Storytelling in Context: Neuroscience, Anthropology and Psychology

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It’s not just the way you tell ‘em, it’s where. Storytelling’s success relies as much on environment as on content. Anyone who has watched a film in a darkened room, with the smell of popcorn in the air can attest to that.

Advertising is no different. With myriad formats available online, it’s time to assess how these different digital advertising experiences affect our reception of ads. So with that in mind we’ve set about discovering the real effects of context on storytelling. For advertisers it means improving how ads are placed, the content of those ads themselves, and the insights that inform them.

At Advertising Week Europe we’ll uncover how context works from three separate perspectives – neuroscience, psychology and anthropology. Rather than hi-falutin’ academic topics, these disciplines all provide insights into the way context affects our media consumption habits.


The insights provided by neuroscience are perhaps the most mind-blowing (excuse the pun). Recent advances in our understanding of the way hormones and endorphins operate has gone a long way to explain our behaviours, moods and decision making. It’s under-applied when it comes to advertising, but ‘neuro-marketing’ is set to explode in the coming years.

Dr. Ali Jennings explains how stories take us on a roller-coaster ride of feelings, thanks to the way they control our hormones. For instance, he explains, at the start of a story, in response to a dramatic plot point, we release Cortisol, the stress hormone. But once the narrative is resolved we release Dopamine, a chemical which rewards us. And here’s the clever bit: if our product performs part of that resolution, we actually emphathize with the product. Here’s a great recent example, note how you feel relief, and empathy at the exact moment the chocolate bar changes hands:

But such stories only work in a conducive context. Jennings reveals that if a story (advertisement) takes place in an appropriate, relevant environment, we’ll pay attention. If an ad appears somewhere irrelevant – out of context – we simply don’t even see it.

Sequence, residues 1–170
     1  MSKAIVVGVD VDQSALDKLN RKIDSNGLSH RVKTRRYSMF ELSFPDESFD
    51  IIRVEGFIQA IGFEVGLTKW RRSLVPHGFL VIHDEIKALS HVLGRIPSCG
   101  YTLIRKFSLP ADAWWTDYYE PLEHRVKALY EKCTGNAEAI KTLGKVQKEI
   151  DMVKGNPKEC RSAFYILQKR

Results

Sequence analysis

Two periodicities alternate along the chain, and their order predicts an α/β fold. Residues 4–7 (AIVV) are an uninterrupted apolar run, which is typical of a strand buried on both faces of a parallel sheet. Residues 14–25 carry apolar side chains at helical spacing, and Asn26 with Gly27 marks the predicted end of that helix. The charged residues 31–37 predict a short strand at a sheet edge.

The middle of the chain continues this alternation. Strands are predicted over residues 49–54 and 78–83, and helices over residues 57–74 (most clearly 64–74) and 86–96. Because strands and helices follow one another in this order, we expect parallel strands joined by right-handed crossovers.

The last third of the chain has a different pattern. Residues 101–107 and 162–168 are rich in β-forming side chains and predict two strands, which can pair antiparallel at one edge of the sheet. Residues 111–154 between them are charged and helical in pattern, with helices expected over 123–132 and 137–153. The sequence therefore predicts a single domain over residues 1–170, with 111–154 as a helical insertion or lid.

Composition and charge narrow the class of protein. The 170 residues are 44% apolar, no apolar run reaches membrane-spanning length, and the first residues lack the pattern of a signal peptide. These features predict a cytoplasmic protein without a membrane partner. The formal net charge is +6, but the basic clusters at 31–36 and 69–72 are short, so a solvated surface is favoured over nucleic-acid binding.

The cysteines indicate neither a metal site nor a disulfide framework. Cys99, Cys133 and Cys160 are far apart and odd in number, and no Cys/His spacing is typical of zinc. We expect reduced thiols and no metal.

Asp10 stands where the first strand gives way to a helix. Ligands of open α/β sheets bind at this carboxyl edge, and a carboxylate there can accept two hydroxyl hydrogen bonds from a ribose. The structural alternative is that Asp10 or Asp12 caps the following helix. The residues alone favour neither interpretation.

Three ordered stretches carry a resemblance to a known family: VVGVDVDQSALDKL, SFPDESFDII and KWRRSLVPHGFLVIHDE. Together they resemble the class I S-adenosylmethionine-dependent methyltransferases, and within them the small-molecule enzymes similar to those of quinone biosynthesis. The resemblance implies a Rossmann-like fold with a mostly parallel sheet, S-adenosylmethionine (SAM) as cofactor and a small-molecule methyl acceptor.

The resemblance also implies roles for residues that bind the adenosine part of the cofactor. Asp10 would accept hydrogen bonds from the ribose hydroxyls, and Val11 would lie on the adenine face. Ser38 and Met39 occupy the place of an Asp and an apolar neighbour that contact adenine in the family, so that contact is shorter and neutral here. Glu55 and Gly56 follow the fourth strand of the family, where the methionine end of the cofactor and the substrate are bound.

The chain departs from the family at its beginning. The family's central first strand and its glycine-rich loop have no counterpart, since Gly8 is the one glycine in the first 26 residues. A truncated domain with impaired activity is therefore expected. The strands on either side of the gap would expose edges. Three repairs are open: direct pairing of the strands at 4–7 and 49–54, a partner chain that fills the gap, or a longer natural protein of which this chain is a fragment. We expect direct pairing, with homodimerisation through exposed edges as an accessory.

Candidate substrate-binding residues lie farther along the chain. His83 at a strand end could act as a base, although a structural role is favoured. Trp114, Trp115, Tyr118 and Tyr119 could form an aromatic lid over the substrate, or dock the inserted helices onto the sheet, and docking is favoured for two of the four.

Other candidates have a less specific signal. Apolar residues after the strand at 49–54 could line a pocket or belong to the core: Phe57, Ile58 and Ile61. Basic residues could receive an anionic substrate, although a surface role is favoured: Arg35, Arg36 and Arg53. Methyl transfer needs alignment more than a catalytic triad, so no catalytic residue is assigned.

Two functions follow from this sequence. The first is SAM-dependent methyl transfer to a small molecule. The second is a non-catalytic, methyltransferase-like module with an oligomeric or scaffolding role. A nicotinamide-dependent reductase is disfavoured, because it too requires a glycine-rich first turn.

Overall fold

The discipline of anthropology has found a new lease of life in the 21st Century as it turned its attention to digital communities. The anthropological approach inverts usual thinking, as it often focusses on small scale communities. In the era of social media, this provides valuable insight into how and why people behave like they do online.

Alexandra Georgakopoulou-Nunes talks about the concept of ‘context collapse’. As social media provides a meeting place for all kinds of communities, their messages are de-contextualised in the myriad of other content in our social feeds. For brands this is a real concern, as we cannot control what contextual factors our paid social messages will be surrounded by: contradictory messages, negative comments or sentiment, and bad sharing associations.

Of course, the flip side of this is that we have the ability to piggy-back onto influencers, and use their curated environments to our benefit. In this way the booming Influencer marketing sector has used context to its advantage. This slightly mind-boggling example from adidas shows how, when done well, using social cliques is extremely powerful in activating a passionate user base.


In storytelling we use motifs that suspend disbelief (once upon a time…, campfires, cinematic establishing shots) to lure the audience into our tales. Likewise, different commercial environments provide contexts conducive to their desired behaviour – the timelessness of casinos encourages us to gamble, the cosiness of a café that makes us linger. These are all contextual cues that we subsequently embody in our consumption.

Online, we’re more limited in our capacity to create context, but there are still plenty of opportunities. For example, news publishers create an aura of trust that appeals to premium brand advertisers, or entertainment sites trade on excitement through lurid typography, pop-colour or photography. Within these contexts users display different behaviours, and as such, they are appropriate places for different brands to advertise.

Taking psychological theory then, we can divide consumer decision making into two streams: emotional and rational. This is famously explained in Daniel Kahneman’s ‘system 1 vs. system 2’ thinking, but understanding context allows us to apply this thinking with greater power. We could consider using ‘system 2’ (logical / product-feature orientated) ads on sites where consumer decisions are happening (review sites, trade magazines) and system 1 (emotional / brand) advertising on more unfocused inventory (entertainment, news sites).

Context Is Everything: How Contextual Advertising Works

At Advertising Week Europe our panel will delve into each of these topics, and how advertisers and publishers can apply them. The rise of contextual advertising is a symptom of digital culture, we must understand how it works so we can make the most of it, and tell our stories to the right people, in the right place. I hope you join us on March 20.

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